Thursday, December 18, 2014

On UFO crashes...




You might be able to gather from my writings on UFO phenomena that I'm a fan of The X-Files.

Or you might have just read the posts I've already done on the show beforetime.

One thing the show did, especially early on, was tap into the mythos of UFO crashes. There were "Blue Beret Retrieval Teams," the confiscation of evidence, the intimidation of crash witnesses, and MIBs all floating in the mix. All this stems from alleged real-life incidents such as Roswell and Kecksburg. There's something about supposed UFO crashes that bothers me but first let's take a look at aspects of "crash mythology" that may have concrete roots.

-Special Operations Manual 1-01. This was part of the "Majestic Documents" leaked to Stanton Friedman and Jaime Shandera. The authenticity of these papers is hotly contested. If veracity were ever established, however, it would be proof-positive that the U.S. government had a procedure in place for the recovery of both extraterrestrial hardware and "biological entities" (aliens). Within this protocol, officials are directed to take "extreme measures" if necessary in order to keep a crash and its recovery completely quiet. You can read PDFs of the supposed documents here.

-Air Intelligence Squadron.  This outfit in the Air Force was originally staffed with veterans from World War II and Korea. If a Soviet aircraft were to crash somewhere accessible, the squadron's task was to quickly recover the wreckage so that intelligence might be gleaned from it. This unit had an additional charge in the 1950s and that was to gather information on UFOs. Was this an outgrowth of a need to recover downed alien craft?

-The Fort Dix alien. A man named Jeffrey Morse alleges that "dozens of glowing UFOs" were sighted over Fort Dix in New Jersey. Morse further asserts that a police officer responding to the reports came upon a Gray alien in the road. A UFO also appeared overhead at that moment. The cop shot both the alien and the UFO. The UFO sped away and the alien ran into nearby trees. Later, the alien was found dead on an unused runway between Fort Dix and McGuire Air Force Base. A military retrieval team, according to Morse, then rolled on to the scene and took complete control. The alien corpse is said to have been taken to Wright-Patterson, Air Force Base in Dayton, Ohio.

-The Extraterrestrial Exposure Law. UFO devotees and true believers often point to this bit of U.S. regulation as a "smoking gun" of alien contact. After all, why have a law that makes it "illegal to touch or be in the proximity of" something from outer space unless there is a pressing need for one? Truth is, the law has much more to do with astronauts than UFOs. This came about in 1969 just before NASA sent Apollo 11 to the Moon. There were concerns at that time that astronauts might bring back an alien virus or other such disease a la The Andromeda Strain. So there were rules set in place to prevent such an occurrence. Question remains though, could a hypothetical government cover-up be based around the idea that UFOs and aliens pose significant health risks to humans?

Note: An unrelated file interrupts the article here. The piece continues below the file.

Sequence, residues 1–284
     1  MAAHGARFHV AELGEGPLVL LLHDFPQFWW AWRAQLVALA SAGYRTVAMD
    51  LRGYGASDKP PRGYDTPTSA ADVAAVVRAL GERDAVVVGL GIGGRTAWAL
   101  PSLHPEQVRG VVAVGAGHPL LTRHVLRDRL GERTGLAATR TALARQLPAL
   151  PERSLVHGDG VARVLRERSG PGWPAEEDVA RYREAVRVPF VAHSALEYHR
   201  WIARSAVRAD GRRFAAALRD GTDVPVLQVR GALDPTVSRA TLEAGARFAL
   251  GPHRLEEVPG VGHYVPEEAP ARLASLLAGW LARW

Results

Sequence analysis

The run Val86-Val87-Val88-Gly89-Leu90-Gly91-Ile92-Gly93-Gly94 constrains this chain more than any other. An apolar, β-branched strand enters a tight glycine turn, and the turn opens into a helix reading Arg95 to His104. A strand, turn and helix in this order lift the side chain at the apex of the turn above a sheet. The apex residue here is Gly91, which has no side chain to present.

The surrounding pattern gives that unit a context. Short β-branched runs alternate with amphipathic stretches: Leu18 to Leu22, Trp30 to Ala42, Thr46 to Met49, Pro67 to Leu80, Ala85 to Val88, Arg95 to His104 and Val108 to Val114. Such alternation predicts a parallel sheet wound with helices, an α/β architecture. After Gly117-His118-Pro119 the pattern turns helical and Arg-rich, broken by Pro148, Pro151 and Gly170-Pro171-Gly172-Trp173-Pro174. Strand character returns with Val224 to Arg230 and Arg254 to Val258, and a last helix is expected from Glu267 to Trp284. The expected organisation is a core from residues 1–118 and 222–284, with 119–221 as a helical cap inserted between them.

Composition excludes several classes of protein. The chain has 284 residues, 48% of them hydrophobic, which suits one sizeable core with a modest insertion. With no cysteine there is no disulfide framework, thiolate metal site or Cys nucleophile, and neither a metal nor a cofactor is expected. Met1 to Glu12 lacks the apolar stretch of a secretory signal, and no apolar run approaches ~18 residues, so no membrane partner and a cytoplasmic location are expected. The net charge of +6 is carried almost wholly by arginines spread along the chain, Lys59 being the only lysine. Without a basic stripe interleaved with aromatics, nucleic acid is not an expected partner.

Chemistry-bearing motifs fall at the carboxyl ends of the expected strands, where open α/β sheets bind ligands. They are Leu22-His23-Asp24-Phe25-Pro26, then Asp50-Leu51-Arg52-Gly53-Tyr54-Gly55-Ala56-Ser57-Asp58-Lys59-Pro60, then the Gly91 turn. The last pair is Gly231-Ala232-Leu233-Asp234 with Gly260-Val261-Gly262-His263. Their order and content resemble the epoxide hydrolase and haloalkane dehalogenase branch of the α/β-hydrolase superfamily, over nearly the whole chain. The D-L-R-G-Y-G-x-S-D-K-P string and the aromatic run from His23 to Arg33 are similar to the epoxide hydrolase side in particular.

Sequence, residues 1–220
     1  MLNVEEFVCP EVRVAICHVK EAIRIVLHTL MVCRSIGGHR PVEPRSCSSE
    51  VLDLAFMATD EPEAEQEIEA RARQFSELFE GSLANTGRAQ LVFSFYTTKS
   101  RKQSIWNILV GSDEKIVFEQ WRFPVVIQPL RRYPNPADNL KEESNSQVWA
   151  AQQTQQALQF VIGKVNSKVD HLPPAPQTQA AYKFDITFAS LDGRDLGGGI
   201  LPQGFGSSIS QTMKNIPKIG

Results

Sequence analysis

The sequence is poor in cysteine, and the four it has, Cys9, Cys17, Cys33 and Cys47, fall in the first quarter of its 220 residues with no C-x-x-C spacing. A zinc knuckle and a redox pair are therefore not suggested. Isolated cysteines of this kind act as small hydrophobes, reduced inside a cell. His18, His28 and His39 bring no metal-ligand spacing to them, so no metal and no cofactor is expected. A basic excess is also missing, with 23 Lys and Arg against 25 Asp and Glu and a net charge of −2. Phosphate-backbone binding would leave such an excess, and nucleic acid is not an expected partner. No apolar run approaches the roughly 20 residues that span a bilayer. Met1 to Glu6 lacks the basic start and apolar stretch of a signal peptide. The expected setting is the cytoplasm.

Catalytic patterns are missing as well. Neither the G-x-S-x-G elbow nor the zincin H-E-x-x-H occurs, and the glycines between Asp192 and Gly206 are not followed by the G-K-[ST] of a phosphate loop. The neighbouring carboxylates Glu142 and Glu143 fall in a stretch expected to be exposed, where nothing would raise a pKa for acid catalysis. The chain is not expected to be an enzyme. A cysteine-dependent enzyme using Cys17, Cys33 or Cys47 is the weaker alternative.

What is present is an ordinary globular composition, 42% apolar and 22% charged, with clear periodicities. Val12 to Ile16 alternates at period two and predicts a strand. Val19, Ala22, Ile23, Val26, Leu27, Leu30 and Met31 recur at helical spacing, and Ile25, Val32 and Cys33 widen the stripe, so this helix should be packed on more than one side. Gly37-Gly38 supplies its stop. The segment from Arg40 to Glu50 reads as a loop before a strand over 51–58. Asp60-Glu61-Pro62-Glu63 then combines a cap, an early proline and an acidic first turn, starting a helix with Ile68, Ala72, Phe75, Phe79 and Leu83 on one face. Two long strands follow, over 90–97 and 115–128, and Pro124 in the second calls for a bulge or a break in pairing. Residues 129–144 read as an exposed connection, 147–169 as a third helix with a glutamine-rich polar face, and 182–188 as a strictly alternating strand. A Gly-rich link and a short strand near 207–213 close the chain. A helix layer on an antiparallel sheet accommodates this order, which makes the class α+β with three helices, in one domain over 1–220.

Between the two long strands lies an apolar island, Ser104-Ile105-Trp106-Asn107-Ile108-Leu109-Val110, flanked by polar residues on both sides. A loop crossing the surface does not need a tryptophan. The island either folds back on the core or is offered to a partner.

In light of all of this, it's easy to see why accounts of UFO crashes persist. Add to that the fact that "official" explanations for events such as Roswell just don't add up and the murkiness only grows. Like I said, however, I have a bit of a problem with crashes and here it is.

If we proceed from the ExtraTerrestrial Hypothesis (ETH)--which I still debate--what do all of these crashes say about the technology of alien visitors? I mean, there have been at least seven UFO crashes I've heard of in the United States alone. Then there are said to be ones in Iran, the former Soviet Union, former Nazi Germany, Venezuela, Mexico, and so on and so forth. So these aliens are quite capable of traveling trillions of miles to get here, but as soon as their UFOs hit our atmosphere, they start dropping like flies? What sense does that make?

I'm not saying that alien technology, if it even is alien, would be infallible. It just seems that logic would dictate that spacecraft would be a little less prone to falling apart if they're capable of making it all the way to our planet.

No, there seem to be more plausible explanations for "UFO crashes" in most cases. Namely, top secret aircraft that have malfunctioned and crashed, combined with misperceptions and imaginations. For those cases that can't be so easily explained away, I point towards Terrence McKenna:

"We are part of a symbiotic relationship with something which disguises itself as an extraterrestrial invasion so as not to alarm us."

Oh and UFO crashes also make for great fiction. Just look at The X-Files.



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